ENCINITAS — Encinitas’ City Council could look very different come Nov. 9 — or it could change very little, depending on the outcome of a five-person race for three positions.
Two incumbents — Tony Kranz and Mark Muir — are seeking re-election to four-year terms, while a third, Lisa Shaffer, is not seeking re-election.
Planning Commissioners Tony Brandenburg and Tasha Boerner Horvath and businessman Phil Graham are the other candidates.
The Coast News has briefly profiled each of the candidates. More detailed answers to 10 questions we asked the candidates are available on the website at thecoastnews.com.
Tony Brandenburg: A life of service, an opposition to Measure T
Tony Brandenburg, a longtime Olivenhain resident and former judge, said he is the candidate that can bring the council together after years of partisan division.
Everyone says that, so what makes you different, a reporter asks.
“Did any of them have my resume?” Brandenburg quickly responds.
Brandenburg, who served for decades as a Superior Court commissioner, also served as the Chief Judge of Intertribal Court of Southern California, on the Encinitas Union School District board, the Olivenhain Town Council as well as the planning commission. He considers himself “90 percent retired.”
“I do feel that the council has been one clique leading and the other clique following behind,” Brandenburg said. “I feel I have the skills and proven leadership ability to bring people together, not just one group or clique, but the entire city.”
Brandenburg speaks of Encinitas with pride (“Encinitas is part of me and I am part of Encinitas,” he states), and said that while he has lived here longer than any other candidate, he know that change is inevitable.
He just wants the right change.
“You are never going to freeze frame the community, ever, but the idea is responsible growth, taking into consideration the foundation on which the community is built, and respecting neighborhoods and respecting the communities,” Brandenburg said.
Brandenburg, who is the lone council candidate opposed to the city’s housing element initiative Measure T, said he opposes it because it will irreparably harm the city’s distinct communities while not bringing about affordable housing, which is supposed to be the measure’s goal.
“Where is the low-cost housing, where is the affordable housing?” Brandenburg said. “There’s nothing in there. It’s an empty package. There are ways that the city can achieve this without this massive plan that changes the character more than what the residents want.”
Brandenburg said he feels the city should fight the state mandate of density as proxy of affordability, arguing that the city should lead the charge of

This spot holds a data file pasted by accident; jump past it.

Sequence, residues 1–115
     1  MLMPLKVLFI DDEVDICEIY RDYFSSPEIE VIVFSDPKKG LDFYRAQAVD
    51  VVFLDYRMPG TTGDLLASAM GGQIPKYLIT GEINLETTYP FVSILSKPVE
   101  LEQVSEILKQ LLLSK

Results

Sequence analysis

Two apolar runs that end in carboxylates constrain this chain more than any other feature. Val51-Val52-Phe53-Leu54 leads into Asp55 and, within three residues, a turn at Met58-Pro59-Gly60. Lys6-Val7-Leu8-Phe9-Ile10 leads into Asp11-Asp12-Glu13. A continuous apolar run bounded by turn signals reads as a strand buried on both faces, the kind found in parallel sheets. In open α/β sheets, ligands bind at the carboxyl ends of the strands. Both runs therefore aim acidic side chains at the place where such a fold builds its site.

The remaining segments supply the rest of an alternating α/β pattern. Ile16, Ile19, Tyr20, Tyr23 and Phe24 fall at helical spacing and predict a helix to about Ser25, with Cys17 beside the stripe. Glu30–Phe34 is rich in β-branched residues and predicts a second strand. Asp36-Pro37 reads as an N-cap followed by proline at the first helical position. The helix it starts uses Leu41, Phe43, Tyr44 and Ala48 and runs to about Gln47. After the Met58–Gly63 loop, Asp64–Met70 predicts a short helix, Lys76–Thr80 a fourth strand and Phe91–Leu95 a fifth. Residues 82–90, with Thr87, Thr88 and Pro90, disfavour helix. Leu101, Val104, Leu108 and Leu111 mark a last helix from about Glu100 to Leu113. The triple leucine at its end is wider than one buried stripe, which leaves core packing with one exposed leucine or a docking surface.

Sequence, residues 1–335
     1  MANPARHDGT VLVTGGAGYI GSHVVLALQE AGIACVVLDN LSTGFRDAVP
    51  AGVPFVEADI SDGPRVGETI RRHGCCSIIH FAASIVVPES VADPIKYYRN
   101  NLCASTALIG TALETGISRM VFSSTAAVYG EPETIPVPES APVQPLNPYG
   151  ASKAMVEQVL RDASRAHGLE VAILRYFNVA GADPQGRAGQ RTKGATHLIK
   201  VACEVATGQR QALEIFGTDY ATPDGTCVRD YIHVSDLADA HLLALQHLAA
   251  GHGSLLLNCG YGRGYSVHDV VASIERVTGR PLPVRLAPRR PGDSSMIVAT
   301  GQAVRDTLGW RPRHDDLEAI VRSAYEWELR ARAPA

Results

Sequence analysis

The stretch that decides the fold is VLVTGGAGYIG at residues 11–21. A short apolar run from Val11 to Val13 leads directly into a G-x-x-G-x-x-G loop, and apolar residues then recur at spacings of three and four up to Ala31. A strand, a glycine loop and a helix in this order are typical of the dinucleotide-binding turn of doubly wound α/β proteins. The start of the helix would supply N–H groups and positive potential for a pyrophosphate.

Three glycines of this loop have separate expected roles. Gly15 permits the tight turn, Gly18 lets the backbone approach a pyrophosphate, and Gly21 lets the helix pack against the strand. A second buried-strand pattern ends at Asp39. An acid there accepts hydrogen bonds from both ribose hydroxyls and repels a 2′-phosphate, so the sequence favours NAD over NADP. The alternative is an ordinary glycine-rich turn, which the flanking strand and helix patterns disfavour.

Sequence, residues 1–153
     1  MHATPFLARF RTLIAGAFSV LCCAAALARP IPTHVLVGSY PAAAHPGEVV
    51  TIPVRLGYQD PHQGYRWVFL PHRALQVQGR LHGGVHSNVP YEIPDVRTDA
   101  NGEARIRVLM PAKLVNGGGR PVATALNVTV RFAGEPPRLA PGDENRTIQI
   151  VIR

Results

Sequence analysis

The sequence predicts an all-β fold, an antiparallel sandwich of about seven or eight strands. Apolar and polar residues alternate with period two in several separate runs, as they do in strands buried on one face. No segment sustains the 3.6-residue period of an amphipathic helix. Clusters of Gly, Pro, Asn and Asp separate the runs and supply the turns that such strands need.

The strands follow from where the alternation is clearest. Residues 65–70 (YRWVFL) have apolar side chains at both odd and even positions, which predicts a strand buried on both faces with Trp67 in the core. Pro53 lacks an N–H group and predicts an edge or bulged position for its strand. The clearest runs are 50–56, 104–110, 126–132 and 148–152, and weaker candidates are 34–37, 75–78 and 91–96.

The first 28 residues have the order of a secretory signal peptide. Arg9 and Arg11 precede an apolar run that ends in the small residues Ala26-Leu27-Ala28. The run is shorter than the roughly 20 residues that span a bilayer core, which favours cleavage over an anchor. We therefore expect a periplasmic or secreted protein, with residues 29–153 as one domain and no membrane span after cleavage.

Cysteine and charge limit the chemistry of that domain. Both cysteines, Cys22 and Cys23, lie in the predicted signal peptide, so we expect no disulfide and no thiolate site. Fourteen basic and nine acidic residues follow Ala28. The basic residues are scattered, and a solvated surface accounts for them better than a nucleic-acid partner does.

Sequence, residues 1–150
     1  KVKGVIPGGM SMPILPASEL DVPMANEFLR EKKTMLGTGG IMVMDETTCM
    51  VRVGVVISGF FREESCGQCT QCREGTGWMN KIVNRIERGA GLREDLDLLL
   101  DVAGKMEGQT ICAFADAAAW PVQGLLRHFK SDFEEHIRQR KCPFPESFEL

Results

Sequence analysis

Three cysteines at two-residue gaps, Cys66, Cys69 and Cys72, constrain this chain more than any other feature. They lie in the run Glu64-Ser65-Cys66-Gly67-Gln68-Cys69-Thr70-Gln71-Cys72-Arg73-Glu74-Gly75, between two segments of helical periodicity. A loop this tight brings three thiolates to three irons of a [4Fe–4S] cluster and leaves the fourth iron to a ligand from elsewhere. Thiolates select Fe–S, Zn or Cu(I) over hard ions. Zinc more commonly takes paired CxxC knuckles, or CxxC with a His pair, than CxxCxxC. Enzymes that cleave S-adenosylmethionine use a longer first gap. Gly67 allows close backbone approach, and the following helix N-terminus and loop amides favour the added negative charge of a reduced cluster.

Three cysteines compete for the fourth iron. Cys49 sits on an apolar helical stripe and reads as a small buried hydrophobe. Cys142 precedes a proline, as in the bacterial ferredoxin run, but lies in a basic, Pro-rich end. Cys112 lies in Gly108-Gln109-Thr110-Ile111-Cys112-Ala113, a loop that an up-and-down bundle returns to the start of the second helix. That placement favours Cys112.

“Someone’s got to start it, someone has to stand up,” said Brandenburg, comparing the fight against the state’s density requirements to women’s suffrage or the civil rights movement. “The law is what you can boldly assert and plausibly maintain,”
Brandenburg said he wants to revisit the housing element with lower heights and lower density levels, with a nod to loosening restrictions on accessory dwelling units, which the state has also loosened in recent weeks.
Tasha Boerner Horvath: “Strategic vision and pragmatic action”
Earlier this fall, the Encinitas Union School District, city officials and parents at Paul Ecke Central Elementary School celebrated several recent improvements that have improved pedestrian and biking safety for kids at that campus.
Tasha Boerner Horvath, Brandenburg’s colleague on the planning commission, took in the day with a level of pride. She was at the center of the effort to bring about those changes.
If elected, Boerner Horvath said, residents could expect the same collaborative and goal-oriented style.
“I’ve tackled tough problems with strategic vision and pragmatic action,” the 43-year-old marketing and communications expert said. “That means I see the big picture, plot a path to completion and make sure projects get done.
“The other thing I think it shows is my ability to balance important interests,” Boerner Horvath said. “On the planning commission, I have a track record of listening, doing research and really finding creative solutions and balancing the interest of private property rights, community character, thriving local businesses and residents’ need for peace and quiet.”
If elected, Boerner Horvath said one thing she would call on the city to implement is an overhaul of its current land use and zoning code, which she believes has contributed to the rise in density-bonus projects in the city.
“Our current code doesn’t serve anyone,” she said. “It makes it hard for homeowners and businesses to make minor improvements, its makes it hard for residents to fight to protect their community character, and there is no sense of certainty for developers, who … don’t know if what staff said is going to be revised by the planning commission,” Boerner Horvath said. “To take on any project you need a degree of certainty and our code doesn’t provide that.”